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Tuesday, April 16, 2024
The independent student publication of The University at Buffalo, since 1950

Bypassing peace

Israel doesn't back down from new settlements

The world's oldest conflict has taken another detour this past week.
In hopes of breathing new life into the Middle East peace process, the United States sent Vice President Joe Biden to Israel to hold talks with the Israeli government. All seemed to be going according to plan until the Israeli Lands Authority and Ministry of Housing and Construction announced an additional 1,600 new housing units to be built in East Jerusalem.
This took many in the international community by surprise, even the United States and Palestine.
The United States and Israel have been on rocky footing since the Obama administration came into office. The current US administration has condemned the proposed housing project. President Barack Obama had asked the Israelis to place a firm ban on all new housing settlements as a good faith gesture to come back to the negotiating table.
In return, other Arab nations would engage in confidence building measures. Such measures usually mean an exchange of information, generally about military forces and armaments. The intention of such measures is to build trust between two conflicting parties.
The current model of the peace plan would have two separate states, one being a Jewish state, the other being a Palestinian state.
One of the main reasons the peace process has been bogged down is because of the disputed claims over Jerusalem. West Jerusalem would be part of the Jewish state, while East Jerusalem would be incorporated into the new Palestinian homeland.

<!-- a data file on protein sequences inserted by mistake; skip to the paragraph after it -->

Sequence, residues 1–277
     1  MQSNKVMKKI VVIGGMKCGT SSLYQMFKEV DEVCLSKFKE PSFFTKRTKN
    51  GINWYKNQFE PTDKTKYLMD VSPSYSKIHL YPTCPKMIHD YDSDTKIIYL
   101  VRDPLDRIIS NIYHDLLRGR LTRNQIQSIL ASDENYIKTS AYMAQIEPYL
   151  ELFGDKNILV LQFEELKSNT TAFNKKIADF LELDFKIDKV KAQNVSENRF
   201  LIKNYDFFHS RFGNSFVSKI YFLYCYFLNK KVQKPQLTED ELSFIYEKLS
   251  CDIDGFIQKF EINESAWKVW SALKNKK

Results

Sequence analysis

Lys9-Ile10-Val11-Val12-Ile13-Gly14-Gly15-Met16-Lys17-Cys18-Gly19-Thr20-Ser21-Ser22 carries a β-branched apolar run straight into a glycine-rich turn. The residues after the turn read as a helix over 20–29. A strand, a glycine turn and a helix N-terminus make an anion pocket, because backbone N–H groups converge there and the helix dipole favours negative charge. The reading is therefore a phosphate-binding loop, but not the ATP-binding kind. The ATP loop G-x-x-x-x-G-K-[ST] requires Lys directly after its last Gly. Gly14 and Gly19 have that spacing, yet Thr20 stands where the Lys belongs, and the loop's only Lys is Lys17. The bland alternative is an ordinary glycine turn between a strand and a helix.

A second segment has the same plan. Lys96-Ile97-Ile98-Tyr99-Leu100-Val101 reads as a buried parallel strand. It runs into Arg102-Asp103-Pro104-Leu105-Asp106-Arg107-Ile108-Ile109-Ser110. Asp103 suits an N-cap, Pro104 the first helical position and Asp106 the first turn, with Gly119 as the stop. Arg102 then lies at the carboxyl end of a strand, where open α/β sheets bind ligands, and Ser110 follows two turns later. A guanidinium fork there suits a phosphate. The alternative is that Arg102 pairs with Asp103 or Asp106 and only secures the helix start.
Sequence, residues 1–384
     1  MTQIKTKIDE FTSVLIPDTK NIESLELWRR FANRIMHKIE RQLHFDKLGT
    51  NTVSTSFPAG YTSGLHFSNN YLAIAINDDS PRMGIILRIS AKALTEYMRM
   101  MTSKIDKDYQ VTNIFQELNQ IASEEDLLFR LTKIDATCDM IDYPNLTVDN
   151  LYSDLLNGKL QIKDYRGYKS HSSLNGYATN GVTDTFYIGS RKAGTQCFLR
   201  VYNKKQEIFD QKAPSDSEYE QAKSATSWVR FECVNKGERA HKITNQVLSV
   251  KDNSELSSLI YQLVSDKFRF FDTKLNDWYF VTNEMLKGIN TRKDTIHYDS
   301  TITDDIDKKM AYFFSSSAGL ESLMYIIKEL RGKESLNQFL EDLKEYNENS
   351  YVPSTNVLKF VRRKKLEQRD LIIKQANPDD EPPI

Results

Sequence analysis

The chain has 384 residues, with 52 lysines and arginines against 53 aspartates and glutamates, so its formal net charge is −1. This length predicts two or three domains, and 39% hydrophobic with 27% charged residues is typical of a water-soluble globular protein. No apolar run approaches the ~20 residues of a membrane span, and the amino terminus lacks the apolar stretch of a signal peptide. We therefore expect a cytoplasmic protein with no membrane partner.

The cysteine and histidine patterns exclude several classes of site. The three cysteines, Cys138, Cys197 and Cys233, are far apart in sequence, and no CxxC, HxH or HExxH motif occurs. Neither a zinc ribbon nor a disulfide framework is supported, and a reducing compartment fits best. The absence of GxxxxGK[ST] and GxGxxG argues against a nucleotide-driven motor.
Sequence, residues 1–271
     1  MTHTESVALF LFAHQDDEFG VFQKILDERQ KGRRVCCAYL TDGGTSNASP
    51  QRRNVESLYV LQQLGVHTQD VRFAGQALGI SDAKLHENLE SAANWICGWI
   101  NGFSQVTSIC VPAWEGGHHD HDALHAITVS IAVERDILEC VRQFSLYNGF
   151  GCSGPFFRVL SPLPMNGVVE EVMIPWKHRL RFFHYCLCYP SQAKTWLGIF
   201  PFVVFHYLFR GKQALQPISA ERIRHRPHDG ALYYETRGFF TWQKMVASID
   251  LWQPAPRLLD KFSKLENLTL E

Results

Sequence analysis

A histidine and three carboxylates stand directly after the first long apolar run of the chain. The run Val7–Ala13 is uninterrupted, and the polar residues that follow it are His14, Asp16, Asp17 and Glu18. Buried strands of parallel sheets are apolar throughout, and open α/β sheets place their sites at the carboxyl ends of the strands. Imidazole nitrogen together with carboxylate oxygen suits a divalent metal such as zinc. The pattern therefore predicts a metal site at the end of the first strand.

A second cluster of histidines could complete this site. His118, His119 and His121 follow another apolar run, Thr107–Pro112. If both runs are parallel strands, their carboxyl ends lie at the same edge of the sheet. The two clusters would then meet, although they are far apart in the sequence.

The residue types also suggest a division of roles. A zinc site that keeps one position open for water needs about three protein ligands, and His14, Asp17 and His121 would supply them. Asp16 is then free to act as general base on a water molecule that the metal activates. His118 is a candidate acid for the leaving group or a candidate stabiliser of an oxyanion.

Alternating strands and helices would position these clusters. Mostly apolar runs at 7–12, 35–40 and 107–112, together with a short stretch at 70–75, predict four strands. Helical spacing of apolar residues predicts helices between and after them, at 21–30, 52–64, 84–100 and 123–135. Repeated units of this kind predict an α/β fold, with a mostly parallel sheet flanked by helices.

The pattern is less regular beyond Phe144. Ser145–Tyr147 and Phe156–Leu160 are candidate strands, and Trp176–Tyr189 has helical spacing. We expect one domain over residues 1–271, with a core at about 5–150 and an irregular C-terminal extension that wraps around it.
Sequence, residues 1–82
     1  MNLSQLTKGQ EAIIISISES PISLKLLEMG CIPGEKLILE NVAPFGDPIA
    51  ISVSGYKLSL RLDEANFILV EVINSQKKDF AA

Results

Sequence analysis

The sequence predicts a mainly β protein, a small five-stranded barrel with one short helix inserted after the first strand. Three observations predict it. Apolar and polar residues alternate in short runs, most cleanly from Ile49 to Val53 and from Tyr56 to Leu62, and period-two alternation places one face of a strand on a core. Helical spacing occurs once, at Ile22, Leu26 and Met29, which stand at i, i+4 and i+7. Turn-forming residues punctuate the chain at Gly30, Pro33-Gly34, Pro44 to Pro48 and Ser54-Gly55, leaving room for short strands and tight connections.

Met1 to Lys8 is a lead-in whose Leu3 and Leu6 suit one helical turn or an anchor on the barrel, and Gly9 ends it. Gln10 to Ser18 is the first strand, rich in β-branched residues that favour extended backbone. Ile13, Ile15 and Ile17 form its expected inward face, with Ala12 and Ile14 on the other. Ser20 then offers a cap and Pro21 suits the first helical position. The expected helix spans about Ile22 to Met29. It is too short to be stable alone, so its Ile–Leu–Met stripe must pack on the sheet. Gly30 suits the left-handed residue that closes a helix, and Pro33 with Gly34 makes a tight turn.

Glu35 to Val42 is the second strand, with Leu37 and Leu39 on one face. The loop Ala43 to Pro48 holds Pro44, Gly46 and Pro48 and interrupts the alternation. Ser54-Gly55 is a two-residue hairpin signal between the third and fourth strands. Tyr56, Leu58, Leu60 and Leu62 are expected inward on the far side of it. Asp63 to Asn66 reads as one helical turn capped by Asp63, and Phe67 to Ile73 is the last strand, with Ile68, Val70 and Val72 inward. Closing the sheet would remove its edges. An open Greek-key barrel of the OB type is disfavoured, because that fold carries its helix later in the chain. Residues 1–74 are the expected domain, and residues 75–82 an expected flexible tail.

Washington officials have grown weary of the missteps taken by both sides. Many called for the United States to reexamine its aid to Israel. The United States total aid to Israel is reaching $114 billion, according to the Washington Report on Middle East Affairs, a not-for-profit foundation.
Officials from both governments have made assurances that this disagreement is just that and its strong ties have not been severed.
Many within Israeli politics believe that this is just another step to make Jerusalem undividable as part of the two-state solution. The reaction from the Palestinians has been one of demonstrations against Israel.
Clashes between Israeli police and Arab youths were reported throughout Israel on Tuesday. The situation will quickly fall apart if no steps are taken to rectify the situation.
The continuation of building is a major roadblock on the avenue to peace. It almost seems that the Israeli government doesn't want peace, or if it does, that it only wants it to be on their terms.
The trouble with this particular negotiation is that there is such a blood-soaked history that neither side will be willing to give up more. For Obama, engagement has only gotten the process this far.
Seven American presidents have tried to broker deals in the Middle East and all have failed. Nobody thought it would be easy to accomplish.
Many members of the Democratic Party have even lambasted President Obama's actions, calling them a "temper tantrum."
For the rest of the world, it becomes a game of watching, waiting and hoping for the best.



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